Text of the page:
Those of us who grew up in Christianity were taught that God is always watching you. Part of that was to deter you from doing what you weren’t supposed to do, but part was the comfort of knowing you’re never completely alone: “God is with you always.” Of course that only applied to Christians: Southern Baptist Convention President Bailey Smith caused a commotion in 1980 when he dogmatically proclaimed “God Almighty does not hear the prayer of a Jew.”
The thought that “God is only a prayer away” is a pleasant one, and many people carry this thought with them when they become Pagans… to such an extent that their concept of “The Goddess” is little more than Yahweh’s slightly more pleasant sister. But when you study the beliefs and practices of our pre-Christian ancestors you find many goddesses and gods: polytheism, not duotheism and not female-oriented monotheism. One of the key attributes of polytheistic gods and goddesses is that they are not omniscient and omnipresent.
Isis is not with you always. She has many areas of responsibility and many followers around the world. She may or may not be able to be in many places at once but she is not in all places at once. That has some serious implications for our relations with our goddesses and gods.
Do you really need Thoth’s help on that math test? Can you get over a headache without Brighid? Do you need divine assistance right now? Whatever the gods and goddesses are they are not our servants and they have better things to do than to tend to our whims. Sometimes they share their plans (or parts of them) and sometimes they don’t, but whatever their goals this much is clear – your happiness is not at the top of their lists. If they lift you up it is not so you can have a nice life but so you can help with the work of the greater good.
Yes, they occasionally bail us out of trouble… and sometimes they don’t. Yes, they occasionally give us a hand up… and sometimes they give us a kick in the ass and tell us to get our act together.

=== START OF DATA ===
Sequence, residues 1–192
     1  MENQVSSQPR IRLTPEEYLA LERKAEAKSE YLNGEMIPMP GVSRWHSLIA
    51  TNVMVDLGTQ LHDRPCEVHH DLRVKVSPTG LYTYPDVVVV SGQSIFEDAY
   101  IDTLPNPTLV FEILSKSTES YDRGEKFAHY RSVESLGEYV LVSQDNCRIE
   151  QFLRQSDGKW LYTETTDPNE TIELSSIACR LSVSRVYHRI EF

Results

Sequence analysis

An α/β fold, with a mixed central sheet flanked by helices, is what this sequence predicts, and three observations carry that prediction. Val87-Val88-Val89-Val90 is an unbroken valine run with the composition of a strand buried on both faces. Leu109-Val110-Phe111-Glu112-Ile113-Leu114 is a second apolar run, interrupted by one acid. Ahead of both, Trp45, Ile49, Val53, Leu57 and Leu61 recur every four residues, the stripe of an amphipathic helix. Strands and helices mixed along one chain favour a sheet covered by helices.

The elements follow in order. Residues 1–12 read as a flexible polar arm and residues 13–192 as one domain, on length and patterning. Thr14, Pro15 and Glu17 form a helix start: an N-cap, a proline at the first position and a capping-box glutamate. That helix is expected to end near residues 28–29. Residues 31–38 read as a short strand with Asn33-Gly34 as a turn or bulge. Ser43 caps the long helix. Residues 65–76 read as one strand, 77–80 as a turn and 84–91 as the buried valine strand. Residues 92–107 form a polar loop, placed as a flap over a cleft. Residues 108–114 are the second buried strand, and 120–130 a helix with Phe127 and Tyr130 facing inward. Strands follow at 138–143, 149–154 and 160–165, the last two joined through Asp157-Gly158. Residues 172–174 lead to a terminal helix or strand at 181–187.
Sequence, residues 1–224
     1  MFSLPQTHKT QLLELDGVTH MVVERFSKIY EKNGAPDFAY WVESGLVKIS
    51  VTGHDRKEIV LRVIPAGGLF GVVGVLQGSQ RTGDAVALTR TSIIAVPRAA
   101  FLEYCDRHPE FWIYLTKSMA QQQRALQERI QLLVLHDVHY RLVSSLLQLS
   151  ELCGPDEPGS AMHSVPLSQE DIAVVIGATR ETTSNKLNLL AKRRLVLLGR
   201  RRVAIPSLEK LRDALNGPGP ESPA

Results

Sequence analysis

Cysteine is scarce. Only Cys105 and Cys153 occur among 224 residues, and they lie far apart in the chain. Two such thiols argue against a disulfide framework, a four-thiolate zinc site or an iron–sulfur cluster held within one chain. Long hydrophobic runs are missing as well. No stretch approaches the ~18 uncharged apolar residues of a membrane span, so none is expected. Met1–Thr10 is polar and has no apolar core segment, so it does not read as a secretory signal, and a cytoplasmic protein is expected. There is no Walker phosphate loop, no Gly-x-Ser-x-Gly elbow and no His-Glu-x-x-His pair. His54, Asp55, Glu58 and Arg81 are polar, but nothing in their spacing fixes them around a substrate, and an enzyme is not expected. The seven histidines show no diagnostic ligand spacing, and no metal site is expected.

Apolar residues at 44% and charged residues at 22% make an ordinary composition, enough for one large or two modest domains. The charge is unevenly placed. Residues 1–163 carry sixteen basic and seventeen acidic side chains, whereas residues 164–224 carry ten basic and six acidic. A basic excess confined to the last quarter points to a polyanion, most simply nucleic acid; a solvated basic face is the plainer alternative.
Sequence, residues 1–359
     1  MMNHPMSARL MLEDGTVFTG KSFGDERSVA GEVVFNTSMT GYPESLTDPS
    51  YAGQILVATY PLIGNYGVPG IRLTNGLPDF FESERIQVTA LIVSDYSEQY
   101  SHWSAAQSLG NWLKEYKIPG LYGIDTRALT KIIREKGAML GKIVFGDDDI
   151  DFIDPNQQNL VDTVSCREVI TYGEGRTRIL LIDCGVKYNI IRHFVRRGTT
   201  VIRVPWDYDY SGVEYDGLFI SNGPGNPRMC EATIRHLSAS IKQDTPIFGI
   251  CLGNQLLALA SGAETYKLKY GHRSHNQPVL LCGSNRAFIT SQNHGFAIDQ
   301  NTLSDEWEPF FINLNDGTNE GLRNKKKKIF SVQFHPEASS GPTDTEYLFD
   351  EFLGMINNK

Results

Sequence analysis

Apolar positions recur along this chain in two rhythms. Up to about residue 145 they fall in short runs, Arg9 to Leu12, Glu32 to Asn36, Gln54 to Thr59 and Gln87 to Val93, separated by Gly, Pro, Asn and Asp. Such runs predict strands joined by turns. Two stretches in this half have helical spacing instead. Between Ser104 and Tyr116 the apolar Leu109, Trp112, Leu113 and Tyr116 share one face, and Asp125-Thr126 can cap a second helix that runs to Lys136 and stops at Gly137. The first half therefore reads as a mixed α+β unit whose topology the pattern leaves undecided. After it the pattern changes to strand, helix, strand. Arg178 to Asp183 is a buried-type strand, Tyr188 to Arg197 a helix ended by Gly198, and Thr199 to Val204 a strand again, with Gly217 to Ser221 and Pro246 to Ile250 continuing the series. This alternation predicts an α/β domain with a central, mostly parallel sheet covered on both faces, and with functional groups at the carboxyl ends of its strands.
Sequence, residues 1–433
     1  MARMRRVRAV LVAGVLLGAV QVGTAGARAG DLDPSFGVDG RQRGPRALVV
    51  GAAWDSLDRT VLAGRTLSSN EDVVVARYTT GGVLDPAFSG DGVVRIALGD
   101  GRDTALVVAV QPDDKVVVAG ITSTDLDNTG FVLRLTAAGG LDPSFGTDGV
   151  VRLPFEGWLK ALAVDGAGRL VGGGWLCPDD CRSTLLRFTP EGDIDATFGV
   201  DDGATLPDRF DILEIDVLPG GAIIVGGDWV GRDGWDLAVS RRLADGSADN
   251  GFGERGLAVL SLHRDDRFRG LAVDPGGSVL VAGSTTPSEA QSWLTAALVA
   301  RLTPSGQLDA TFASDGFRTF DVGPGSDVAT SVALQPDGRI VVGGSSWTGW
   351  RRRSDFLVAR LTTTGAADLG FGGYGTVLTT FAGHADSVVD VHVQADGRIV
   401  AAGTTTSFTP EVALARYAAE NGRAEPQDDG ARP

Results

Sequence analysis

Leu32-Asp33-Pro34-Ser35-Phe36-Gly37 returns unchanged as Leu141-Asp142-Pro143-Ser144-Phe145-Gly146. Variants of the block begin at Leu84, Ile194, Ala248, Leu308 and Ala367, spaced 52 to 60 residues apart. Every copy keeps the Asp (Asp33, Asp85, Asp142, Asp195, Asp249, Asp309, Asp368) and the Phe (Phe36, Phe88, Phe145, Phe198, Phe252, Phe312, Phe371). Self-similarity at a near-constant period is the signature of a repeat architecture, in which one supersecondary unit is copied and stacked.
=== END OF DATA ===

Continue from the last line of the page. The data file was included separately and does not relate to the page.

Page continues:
They may not hang around forever. Some people have life-long relationships with gods or goddesses, but read the accounts of contemporary polytheists and you’ll find numerous cases of deities coming and going. Sometimes they lose patience with a lack of commitment or a forgotten commitment. Sometimes they only enter your life to teach you one thing or to get you to do one thing for them and then they move on. Sometimes they leave for reasons they don’t explain.
Think you’d be better off with Jesus? Read the writings of Mother Teresa that were made public after her death. She referred to Jesus as “the Absent One.” She felt him call her to work with the poor, then shortly after she began he left. She never experienced him in her life again. There are plenty of Christians with similar stories – just because they like to say “God is with you always” doesn’t mean that’s what they’ve experienced.
Want your favorite goddess or god to stick around? Put some work into the relationship – same as with any other relationship. Spend time in mediation and prayer. Make appropriate offerings. Learn their stories. Live your life according to the examples they set.
Any ethical relationship should be mutually beneficial. If you’re going to ask for favors or teaching or opportunities you should expect to give something in return.
What does a god or goddess want from you, or with you? Why don’t you ask him or her? And then listen for the answer.
If you find yourself in a dire situation, ask for help. You may have ancestors who will hear you. Some deities are merciful. Others are opportunistic. And you may find you have skills and resources you didn’t know you had.
But if you assume a god or goddess is always there you may be very disappointed.